Next stage on from that, pointing the MX record for that same .org domain at my mailserver IP address, and setting up sendmail on the web machine to host my own email too.

    Next, added name-based virtual hosts, squirrelmail, and other goodies.
    Linux user #126863 - see http://linuxcounter.net/

  5. #5
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    Ahem.
    I'm basically doing this to learn more about networking. I basically learned enough to pass the A+ exams when I was twenty and since I had no interest or need to study it anymore I didn't bother remembering it. So, keep the jargon to a minimal here and explain things as much as you can. I don't even think I know what DNS is.
    But it would be nice if I could get a test site up and running. I've already learned an awful lot.
    So be nice to the networking n00b here

  6. #6
    Super Moderator Roxoff's Avatar
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    DNS == Domain Name service

    It converts your computer name (such as www.linuxforums.org) into IP addresses (such as 72.21.59.114).

    If you're hosting your own web page, you want people to be able to type "www.<yourdomain>.net" into their browser, have that resolved into your own IP address which is then queried for the web pages.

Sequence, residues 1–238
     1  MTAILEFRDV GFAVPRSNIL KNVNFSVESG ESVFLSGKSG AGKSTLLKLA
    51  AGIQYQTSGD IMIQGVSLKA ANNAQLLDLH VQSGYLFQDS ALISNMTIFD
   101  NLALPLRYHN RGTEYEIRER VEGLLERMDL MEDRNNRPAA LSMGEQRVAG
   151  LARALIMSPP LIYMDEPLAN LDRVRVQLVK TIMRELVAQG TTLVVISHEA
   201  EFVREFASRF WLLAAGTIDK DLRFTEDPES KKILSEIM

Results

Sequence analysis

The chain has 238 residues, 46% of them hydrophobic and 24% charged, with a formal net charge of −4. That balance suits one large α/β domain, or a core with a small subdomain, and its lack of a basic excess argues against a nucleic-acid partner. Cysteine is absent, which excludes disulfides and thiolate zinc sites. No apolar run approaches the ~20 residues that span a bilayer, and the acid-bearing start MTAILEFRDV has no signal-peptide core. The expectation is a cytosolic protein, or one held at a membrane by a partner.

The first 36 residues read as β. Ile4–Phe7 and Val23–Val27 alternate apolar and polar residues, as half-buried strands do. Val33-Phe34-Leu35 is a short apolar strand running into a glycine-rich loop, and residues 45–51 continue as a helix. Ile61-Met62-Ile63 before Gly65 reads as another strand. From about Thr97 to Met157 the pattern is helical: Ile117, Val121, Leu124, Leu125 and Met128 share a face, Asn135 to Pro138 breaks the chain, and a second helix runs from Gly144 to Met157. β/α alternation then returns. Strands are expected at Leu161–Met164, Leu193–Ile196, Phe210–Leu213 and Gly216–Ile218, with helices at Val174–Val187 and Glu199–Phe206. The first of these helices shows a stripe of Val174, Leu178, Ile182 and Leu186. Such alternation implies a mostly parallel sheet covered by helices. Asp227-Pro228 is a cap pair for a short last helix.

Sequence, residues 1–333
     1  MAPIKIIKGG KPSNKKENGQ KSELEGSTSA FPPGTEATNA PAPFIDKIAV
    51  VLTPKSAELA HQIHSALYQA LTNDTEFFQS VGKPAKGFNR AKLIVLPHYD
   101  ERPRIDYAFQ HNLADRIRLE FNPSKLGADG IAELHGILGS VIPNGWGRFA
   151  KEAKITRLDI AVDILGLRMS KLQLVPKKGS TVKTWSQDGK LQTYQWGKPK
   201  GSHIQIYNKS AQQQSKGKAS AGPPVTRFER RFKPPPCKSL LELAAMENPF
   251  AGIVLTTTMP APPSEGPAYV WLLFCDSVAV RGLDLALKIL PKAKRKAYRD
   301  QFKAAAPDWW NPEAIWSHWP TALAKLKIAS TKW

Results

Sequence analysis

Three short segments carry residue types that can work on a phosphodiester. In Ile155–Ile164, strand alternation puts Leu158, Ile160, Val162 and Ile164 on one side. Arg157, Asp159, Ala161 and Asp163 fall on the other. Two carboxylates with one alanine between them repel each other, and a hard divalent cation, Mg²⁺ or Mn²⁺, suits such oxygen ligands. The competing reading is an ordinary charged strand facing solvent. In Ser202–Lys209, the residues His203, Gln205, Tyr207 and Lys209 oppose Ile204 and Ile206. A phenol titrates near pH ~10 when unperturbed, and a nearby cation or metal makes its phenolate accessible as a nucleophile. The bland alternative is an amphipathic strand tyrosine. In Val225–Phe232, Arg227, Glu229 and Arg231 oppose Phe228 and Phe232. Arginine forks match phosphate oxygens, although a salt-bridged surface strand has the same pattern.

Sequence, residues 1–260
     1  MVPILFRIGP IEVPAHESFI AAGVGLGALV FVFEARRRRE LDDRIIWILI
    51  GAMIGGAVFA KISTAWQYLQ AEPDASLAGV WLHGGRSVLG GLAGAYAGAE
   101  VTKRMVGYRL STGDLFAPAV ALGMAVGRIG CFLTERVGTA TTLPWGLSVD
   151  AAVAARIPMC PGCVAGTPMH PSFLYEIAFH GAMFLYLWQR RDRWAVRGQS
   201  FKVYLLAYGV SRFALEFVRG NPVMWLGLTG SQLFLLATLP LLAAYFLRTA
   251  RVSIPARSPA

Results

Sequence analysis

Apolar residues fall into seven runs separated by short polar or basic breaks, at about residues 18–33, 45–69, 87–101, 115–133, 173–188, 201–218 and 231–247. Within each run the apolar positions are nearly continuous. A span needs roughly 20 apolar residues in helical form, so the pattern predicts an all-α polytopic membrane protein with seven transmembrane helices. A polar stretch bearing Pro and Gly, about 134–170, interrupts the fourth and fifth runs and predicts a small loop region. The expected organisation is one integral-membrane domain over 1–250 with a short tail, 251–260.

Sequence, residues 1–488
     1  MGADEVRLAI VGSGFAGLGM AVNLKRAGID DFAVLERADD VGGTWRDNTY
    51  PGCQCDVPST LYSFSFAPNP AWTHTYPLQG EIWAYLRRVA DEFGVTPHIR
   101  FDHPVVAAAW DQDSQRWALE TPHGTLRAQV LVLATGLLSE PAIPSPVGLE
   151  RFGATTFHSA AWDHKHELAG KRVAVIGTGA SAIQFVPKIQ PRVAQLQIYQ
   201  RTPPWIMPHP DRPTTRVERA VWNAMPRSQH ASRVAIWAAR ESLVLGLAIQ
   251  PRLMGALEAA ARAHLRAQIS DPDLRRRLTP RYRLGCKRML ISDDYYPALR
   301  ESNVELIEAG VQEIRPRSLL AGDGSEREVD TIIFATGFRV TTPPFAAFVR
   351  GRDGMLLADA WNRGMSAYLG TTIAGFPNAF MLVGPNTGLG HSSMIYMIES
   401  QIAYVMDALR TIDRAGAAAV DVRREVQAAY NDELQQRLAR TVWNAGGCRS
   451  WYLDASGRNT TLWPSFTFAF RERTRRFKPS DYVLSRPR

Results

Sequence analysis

My ISP gives me a static IP address (i.e. it never changes) so I took a cheapo domain hosting and ticked the box to allow me to configure my own DNS records. This allows me to make the domain name requests result in any IP I want - so it's easy to point it at my IP address.
    Linux user #126863 - see http://linuxcounter.net/

  7. #7
    Linux Guru bigtomrodney's Avatar
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    Go check out DynDNS.org where you can get free domain names under one of their's for free, or register cheaply for one you define yourself. The benefit is that you can install a service on your machine (or on your router, a lot of them actually support DynDNS scripting like Zyxel). This will then update your DNS/IP settings every time a new one is assigned through your ISP DHCP. I have registered my laptop with a free account and can use it for all sorts - particularly handy for ssh'ing to my laptop. It's a great service. Also there are sites like noip.com that do similar jobs.

  8. #8
    Linux User stokes's Avatar
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    Another free one (and the one I use) is: freedns.afraid.org
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  9. #9
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    another vote for dyndns.org, if you have a d-link router I know it should be able to automaticaly report to your dyndns.org account, but now I have the control of running my domain servers, and if you have a static IP, and you just buy a domain name, you can get a cheapo domain, and use Zoneedit.com for your DNS servers, they are up pretty much 99.999% of the time, they have never gone down on me, and they are free for up to 200MB a year, (in DNS traffic this is alot), and it's a nice easy way to manage domains without dealing with named.conf files, and db.domain files.